Sandra Lee

Twenty years ago today, smack bang in the middle of a Mothers’ Day picnic, my beloved Mum dropped dead of a heart attack.

There was no warning. No signal that anything was wrong. None whatsoever. Mum was 60 years old, healthy, happy, fit and in love with life. And then, just like that, she was gone, decades too early.Sandra and Mum

Twenty years is a long time ago but the loss is no less painful today than it was when I heard the devastating news over the phone from my older brother, who had been with Mum when she died and who, despite his decades of training in the Australian Army, was unable to resuscitate her.

The paramedics, who arrived within minutes of being called, similarly could do nothing for her. Mum was dead before she hit the ground. No number of medical miracles could have reversed that fate.

There are no words to fully express the impact of a sudden, unexpected death, just as there is no way to fully account for the constant ache that remains as the legacy of loss. There is no closure and time does not ease the pain.

Instead, you find a way, or ways, to live with a new reality. At least, I have. There are times, like today, when the phantom ache of Mum’s absence is especially pronounced, but there are other days when memories of her indefatigable life force remind me how lucky I was to have such an extraordinary mother who left an indelible mark on the lives of her family and, similarly, on the lives of all those who knew her.

ThisElle memoir 3 year, to commemorate the two decades since my darling Mum – Valda May Lee – died, I wrote a memoir of grief and loss. But most importantly, it is a memoir of the primacy and power of mother love, the greatest love of all.

The memoir can be found in the current edition of Elle magazine, with Rose Byrne on the cover.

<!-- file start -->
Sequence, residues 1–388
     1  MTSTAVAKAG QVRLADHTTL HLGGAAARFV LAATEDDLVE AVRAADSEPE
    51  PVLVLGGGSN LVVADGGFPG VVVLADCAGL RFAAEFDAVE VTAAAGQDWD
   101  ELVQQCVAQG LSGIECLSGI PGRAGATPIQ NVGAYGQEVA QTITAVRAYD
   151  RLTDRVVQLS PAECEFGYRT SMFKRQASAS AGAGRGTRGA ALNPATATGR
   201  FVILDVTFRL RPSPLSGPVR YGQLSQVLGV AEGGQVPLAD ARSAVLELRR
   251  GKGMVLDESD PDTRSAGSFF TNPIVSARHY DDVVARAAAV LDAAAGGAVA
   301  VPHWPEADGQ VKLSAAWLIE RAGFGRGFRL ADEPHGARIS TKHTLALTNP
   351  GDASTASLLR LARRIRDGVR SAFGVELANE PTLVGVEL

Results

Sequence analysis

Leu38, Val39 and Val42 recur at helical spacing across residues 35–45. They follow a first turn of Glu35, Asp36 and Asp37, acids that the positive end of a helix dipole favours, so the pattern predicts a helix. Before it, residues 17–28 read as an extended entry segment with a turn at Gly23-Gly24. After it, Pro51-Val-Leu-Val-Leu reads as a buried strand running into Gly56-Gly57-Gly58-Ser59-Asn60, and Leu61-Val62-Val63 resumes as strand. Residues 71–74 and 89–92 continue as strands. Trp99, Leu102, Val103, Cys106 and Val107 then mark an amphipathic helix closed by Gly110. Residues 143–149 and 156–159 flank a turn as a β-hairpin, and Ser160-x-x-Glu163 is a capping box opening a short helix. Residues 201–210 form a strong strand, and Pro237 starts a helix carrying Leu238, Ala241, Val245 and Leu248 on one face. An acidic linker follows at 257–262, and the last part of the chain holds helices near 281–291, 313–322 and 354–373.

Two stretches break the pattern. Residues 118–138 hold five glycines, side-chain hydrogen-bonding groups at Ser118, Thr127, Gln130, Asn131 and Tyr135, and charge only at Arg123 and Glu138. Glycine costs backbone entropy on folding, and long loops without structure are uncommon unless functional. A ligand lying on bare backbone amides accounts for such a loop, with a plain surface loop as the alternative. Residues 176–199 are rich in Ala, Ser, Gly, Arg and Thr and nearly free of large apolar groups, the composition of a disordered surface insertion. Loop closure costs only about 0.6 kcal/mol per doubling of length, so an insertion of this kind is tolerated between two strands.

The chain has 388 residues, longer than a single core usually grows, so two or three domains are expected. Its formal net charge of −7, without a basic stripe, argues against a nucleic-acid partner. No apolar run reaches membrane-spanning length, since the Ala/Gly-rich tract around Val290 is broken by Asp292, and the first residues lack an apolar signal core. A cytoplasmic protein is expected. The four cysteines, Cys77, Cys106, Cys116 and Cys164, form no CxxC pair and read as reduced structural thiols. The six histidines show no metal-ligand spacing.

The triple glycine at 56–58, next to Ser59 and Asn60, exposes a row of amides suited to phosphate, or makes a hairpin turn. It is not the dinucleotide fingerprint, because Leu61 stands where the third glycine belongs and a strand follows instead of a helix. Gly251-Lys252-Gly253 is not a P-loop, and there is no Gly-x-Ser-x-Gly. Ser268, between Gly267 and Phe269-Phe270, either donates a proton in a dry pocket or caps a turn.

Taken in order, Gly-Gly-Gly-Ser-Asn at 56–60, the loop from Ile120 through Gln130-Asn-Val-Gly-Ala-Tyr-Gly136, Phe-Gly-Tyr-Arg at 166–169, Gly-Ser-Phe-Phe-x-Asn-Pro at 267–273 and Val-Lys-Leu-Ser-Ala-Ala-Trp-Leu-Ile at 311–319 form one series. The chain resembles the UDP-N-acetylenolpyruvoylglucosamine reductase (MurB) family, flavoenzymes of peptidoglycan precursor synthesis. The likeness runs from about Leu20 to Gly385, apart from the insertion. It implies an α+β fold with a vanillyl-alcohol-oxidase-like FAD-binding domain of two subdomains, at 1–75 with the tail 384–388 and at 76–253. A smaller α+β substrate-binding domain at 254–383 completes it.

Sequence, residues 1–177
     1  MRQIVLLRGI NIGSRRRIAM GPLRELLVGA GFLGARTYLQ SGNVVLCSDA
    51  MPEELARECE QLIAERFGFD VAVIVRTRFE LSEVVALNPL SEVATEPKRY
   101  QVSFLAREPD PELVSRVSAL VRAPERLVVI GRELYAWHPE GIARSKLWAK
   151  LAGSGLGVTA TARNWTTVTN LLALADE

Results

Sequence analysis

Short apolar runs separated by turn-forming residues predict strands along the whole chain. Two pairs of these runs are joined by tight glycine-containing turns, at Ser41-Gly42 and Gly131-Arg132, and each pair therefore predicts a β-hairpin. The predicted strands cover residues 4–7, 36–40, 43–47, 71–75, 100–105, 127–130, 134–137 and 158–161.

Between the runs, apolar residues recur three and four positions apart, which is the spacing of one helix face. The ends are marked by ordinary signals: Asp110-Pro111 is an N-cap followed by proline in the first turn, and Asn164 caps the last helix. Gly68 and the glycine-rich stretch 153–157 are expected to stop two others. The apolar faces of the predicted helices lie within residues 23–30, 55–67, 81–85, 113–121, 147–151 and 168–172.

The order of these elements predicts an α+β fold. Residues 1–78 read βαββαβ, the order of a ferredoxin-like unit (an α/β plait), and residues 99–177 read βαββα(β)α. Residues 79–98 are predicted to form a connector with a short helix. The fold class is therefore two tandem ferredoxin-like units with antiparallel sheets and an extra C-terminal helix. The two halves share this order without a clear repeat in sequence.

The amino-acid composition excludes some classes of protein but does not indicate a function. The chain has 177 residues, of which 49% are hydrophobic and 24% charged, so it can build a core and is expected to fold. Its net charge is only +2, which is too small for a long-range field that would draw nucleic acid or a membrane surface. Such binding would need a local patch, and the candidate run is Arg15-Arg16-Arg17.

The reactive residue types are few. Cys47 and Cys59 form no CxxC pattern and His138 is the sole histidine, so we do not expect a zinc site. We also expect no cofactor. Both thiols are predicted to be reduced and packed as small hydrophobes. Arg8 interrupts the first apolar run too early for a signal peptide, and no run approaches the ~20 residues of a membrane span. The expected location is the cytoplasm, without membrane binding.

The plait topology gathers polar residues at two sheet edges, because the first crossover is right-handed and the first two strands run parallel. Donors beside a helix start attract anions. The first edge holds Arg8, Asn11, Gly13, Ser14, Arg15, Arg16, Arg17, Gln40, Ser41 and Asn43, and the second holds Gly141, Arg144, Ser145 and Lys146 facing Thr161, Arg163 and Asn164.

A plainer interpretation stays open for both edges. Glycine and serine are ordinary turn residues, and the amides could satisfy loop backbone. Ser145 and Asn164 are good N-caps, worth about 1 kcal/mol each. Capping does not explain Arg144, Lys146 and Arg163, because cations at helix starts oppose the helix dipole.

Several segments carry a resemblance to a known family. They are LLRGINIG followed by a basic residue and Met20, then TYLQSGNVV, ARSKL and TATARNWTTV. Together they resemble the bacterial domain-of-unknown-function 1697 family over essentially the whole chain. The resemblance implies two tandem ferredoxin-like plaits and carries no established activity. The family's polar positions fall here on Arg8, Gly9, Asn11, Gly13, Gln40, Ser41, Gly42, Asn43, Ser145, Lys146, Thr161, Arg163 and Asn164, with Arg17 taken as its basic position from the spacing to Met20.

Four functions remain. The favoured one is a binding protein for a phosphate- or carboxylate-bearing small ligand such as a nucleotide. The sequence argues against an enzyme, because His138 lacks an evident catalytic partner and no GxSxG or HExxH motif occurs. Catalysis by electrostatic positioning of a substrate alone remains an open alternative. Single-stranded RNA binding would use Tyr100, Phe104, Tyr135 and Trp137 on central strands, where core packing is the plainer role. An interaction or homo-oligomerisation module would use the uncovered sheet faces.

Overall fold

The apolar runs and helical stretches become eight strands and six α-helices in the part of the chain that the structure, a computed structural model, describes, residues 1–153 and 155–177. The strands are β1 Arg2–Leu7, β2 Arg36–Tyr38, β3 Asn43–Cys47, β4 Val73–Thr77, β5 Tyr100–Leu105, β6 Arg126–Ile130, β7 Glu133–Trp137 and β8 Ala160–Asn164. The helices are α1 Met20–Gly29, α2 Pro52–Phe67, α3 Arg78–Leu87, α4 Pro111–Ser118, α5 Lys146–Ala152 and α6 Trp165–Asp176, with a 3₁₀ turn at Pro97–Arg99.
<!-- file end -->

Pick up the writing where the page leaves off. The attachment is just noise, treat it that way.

The photograph of me and Mum above is one of my favourite pictures and never fails to make me smile. I’m about three years old, and we are at her squash club – remember squash? – with Santa. That smile!

Happy Mothers’ Day, Mum. You are never forgotten, and forever missed.

And a very happy Mothers’ Day to all you lovely Mums. Know how loved you are.

 

 

 

 

 

 

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Caesar the Australian Army's tracker dog. Picture courtesy of Geoffrey White

A few weeks ago at the State Library of New South Wales chance dealt me a top hand and I met a couple who had just bought a book about a dog rescued by Australian soldiers during the First World War and  secretly repatriated the scrappy mutt to Australia against military orders.

As they were talking, I mentioned my book a on modern-day hero hound from the war on terror in Afghanistan,  Saving Private Sarbi

The man, Geoffrey White, said he knew of Sarbi, a highly skilled Explosives Detection Dog in the Australian Army (now retired) and explained he had a historical connection with military working dogs from our fine Army during the Vietnam War when our Diggers’ used tracker and guard dogs.

Geoffrey (pictured below outside his home in Vietnam) was the First Secretary at the Australian Embassy in Saigon. He took ownership of the maverick black mutt named Caesar in 1971, after he was retired from active service due to burn out from three hard years of duty during which he repeatedly saved the lives of his handler and and fellow Diggers. Caesar was one of the first two Australian four-legged warriors sent to the Vietnam war to see active service. Unlike our current canine corps who have served in Iraq, Afghanistan and East Timor, their pooch-troop predecessors from the 1960s and 1970s never came home.

As I write in Saving Private Sarbi, strict quarantine regulations in Australia prohibited the dogs’ return and they were found new homes upon retirement.  Caesar’s handler, Peter Haran, had enlisted in the army at the age of 18 and Caesar was his tracker dog when first deployed to Vietnam. Haran was gutted when he returned to Australia after his tour of duty was over without his beloved four-legged best mate who was passed to the incoming rotation of troops. [click to continue…]

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The Australian Army’s top dog Sarbi steals the show again

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